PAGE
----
Front-line employee (FLE) well-being is an under-researched field. Contrasting the prevailing view that Positive Customer Feedback (PCF) can only have ‘positive’ impacts

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Abstract

Purpose

Front-line employee (FLE) well-being is an under-researched field. Contrasting the prevailing view that Positive Customer Feedback (PCF) can only have ‘positive’ impacts, this study aims to answer the counterintuitive question: Could the apparently positive construct ‘Positive Customer Feedback’ have a negative impact on the well-being of front-line employees? Consequently, working within the Transformative Service Research (TSR) framework, we investigate whether PCF can negatively affect the eudaimonic and hedonic well-being dimensions of FLEs, thus decreasing their overall psychological well-being level.

Design/methodology/approach

A multidisciplinary literature review was conducted, particularly in the social psychology, human resources and organizational behavior fields, to examine the potential negative impacts of PCF. Subsequently, an exploratory qualitative study consisting of seven focus groups with 45 FLEs and 22 in-depth interviews with managers working across various service industries were performed. All the transcripts were analyzed via an iterative hermeneutical process.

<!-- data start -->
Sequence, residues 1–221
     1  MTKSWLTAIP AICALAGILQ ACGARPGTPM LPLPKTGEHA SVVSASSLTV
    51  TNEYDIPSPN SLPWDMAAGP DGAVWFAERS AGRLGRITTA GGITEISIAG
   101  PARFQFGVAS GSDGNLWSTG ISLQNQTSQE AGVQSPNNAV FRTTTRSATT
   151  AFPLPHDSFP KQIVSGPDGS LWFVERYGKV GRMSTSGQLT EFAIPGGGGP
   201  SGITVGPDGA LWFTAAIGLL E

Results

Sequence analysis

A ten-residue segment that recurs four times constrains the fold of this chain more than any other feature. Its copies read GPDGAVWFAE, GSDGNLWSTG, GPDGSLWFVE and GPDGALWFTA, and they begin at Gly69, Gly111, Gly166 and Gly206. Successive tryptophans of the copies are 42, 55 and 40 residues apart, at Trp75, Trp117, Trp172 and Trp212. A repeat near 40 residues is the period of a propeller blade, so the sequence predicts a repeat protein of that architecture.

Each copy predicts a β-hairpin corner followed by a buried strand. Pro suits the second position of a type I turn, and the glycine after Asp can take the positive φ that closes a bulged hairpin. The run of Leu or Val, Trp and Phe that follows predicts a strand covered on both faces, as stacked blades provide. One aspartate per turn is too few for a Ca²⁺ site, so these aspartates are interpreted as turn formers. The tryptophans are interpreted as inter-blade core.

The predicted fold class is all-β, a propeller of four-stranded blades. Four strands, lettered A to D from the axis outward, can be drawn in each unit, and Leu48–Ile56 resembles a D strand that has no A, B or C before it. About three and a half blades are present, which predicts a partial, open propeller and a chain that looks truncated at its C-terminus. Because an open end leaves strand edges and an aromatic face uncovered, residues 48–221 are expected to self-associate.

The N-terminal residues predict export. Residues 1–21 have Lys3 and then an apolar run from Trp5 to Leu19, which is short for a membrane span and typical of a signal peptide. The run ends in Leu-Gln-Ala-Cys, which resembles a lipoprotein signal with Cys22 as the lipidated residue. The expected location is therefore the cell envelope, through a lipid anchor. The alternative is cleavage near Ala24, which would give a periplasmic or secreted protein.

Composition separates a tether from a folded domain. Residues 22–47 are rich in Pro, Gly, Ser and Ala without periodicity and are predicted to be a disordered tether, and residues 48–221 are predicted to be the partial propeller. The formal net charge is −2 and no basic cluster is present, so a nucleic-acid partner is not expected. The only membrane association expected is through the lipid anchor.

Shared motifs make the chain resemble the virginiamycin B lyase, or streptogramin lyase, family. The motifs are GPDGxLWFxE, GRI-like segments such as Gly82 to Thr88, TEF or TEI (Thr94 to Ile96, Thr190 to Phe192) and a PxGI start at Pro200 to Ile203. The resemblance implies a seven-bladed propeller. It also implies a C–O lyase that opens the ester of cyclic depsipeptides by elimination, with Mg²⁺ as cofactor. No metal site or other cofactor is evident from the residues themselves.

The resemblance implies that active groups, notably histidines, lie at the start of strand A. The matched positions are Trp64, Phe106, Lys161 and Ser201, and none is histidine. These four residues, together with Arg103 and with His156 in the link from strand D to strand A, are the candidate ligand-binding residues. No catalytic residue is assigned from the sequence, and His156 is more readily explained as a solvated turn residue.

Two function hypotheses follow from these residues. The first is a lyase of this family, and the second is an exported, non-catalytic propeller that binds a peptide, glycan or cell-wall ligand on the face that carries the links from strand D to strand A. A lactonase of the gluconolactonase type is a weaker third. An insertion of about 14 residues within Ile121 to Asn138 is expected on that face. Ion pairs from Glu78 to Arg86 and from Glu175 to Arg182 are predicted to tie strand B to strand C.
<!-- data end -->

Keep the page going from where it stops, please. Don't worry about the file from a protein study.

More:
Findings

A model describing ten negative impacts and six key contingencies of PCF was developed. The identified impacts can negatively affect the eudaimonic and hedonic well-being dimensions of FLEs. PCF can have a negative impact on the eudaimonic dimensions such as harmony, respect and support. Moreover, PCF appears to increase the negative affect by creating tension, fear, strain and stress, thus, negatively affecting the happiness level of FLEs (hedonic well-being). The identified contingencies play a crucial role in determining the direction and intensity of the negative impact of PCF. Therefore, the overall psychological well-being level of FLEs can suffer as a result of PCF. This study also discusses managerial challenges associated with PCF management.